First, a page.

Fundamental negotiation concepts such as interests, alternatives to agreement, and bargaining power/leverage may be invoked to guide the discussion of tasks. At the same time, their use represents an opportunity for students to understand the concepts better and appreciate their analytical and practical value.

Finally with respect to broad objectives, this case calls not only for Myers and his ZSSD colleagues to think carefully about their interests, goals and limits, but also to consider and appreciate other parties’ worldviews and interests. These stakeholders include not-for-profit organizations, government ministries and agencies, international and national non-governmental organizations, and political leaders in China and in the U.S. Their concerns cover multiple perspectives: financial, commercial, legal, ethical (environmental/corporate social responsibility), political/diplomatic, cultural and more.

Specific examples of teaching/learning objectives for each part of the case are listed below. The list is illustrative rather than exhaustive and geared primarily toward negotiation instructors. Given the complexity of the case, instructors could easily develop additional objectives. At the same time, instructors who choose to pursue a number of objectives would be well-advised, for the sake of pedagogical effectiveness, to emphasize the main objectives. To that end, the objectives below are categorized as primary or secondary.

By working on this case, students (readers) can learn to:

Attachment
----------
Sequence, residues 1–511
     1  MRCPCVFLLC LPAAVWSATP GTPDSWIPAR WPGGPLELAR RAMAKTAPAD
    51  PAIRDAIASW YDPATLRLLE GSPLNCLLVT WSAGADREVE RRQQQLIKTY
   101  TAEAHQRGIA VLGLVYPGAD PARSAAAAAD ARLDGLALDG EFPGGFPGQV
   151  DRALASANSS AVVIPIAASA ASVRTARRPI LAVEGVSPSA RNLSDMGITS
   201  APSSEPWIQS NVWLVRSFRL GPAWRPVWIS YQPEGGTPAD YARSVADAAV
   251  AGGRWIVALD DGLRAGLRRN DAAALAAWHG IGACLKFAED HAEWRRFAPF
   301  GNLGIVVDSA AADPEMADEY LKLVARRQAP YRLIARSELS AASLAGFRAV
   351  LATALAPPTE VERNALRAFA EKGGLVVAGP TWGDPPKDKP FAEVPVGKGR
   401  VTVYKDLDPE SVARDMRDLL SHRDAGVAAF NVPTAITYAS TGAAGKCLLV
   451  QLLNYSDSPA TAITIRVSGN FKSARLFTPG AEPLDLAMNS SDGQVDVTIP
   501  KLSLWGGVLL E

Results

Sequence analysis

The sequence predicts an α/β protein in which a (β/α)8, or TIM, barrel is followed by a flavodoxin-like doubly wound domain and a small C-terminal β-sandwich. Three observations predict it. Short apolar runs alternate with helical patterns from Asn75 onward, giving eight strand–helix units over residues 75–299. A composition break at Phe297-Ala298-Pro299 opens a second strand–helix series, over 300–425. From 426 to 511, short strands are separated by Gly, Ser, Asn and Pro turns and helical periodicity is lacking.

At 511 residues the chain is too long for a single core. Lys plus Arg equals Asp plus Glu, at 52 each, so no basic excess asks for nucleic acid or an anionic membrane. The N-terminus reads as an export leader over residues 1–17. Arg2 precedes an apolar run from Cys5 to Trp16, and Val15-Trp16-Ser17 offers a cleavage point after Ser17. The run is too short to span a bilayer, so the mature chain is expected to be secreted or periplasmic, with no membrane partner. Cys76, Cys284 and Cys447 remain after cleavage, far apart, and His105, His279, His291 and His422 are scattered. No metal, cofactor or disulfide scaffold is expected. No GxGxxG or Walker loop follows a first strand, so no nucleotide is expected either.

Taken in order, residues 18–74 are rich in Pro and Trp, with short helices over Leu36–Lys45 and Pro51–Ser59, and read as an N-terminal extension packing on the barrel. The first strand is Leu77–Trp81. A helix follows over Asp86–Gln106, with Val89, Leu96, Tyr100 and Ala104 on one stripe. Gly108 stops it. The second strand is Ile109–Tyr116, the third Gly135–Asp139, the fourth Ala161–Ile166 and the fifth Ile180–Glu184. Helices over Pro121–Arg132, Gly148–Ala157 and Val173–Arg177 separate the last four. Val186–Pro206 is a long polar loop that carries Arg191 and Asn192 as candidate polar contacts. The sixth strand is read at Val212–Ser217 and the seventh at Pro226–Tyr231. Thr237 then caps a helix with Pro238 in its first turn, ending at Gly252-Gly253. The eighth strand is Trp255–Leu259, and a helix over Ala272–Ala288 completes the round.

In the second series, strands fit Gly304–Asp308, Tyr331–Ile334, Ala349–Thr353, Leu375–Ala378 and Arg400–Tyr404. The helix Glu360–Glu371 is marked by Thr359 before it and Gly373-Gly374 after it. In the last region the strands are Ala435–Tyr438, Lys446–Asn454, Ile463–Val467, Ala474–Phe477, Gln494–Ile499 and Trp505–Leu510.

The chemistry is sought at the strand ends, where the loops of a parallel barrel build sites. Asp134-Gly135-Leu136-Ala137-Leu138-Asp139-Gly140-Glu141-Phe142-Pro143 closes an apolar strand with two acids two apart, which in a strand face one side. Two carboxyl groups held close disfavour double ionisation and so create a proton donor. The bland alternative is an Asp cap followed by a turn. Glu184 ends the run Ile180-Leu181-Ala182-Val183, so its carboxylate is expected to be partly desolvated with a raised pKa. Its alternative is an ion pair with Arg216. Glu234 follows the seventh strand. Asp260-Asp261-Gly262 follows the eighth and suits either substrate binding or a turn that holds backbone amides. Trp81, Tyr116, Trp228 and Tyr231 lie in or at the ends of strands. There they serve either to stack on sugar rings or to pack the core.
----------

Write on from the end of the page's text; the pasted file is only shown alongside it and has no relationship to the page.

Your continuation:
Part A:

  • pay attention to the “big picture” and the creation of frameworks (formulas) that structure a transaction or relationship between parties;
  • establish a negotiation agenda (the items for discussion);
  • identify different sources of bargaining power (“leverage”) and alternatives to an agreement (BATNA – Best Alternative To a Negotiated Agreement);
  • develop a communication strategy (point of departure, talking points) by which to persuade a counterpart in a powerful bargaining position—particularly, in a Sino-American context;
  • appreciate the general openness of negotiation to innovation and different types of relationships between parties;
  • and, consider when (if, how) to incorporate cultural factors in plans for negotiation.
  • handle uncomfortable topics or tasks in creative, tactful ways that are sensitive to the parties’ relationship;
  • define what should go into a plan for negotiation (vs. what often doesn’t);
  • and, see the nature and impact of cultural factors “in context” (i.e., within a given situation) by comparing aspects of CWCA and other Chinese bargaining behavior in this case to stereotypes of Chinese negotiating style.
  • look for non-primary parties and stakeholders (including “blocking coalitions”) who can exert influence on focal negotiations;
  • consider how to coordinate multi-level, internal (“tiered,” principal-representative/ agent) negotiations, and internal and external (“linked”) negotiations;
  • broaden the notion of a negotiation outcome beyond the mere attainment (or not) of agreement so that it includes post-negotiation consequences (including implementation of the agreement);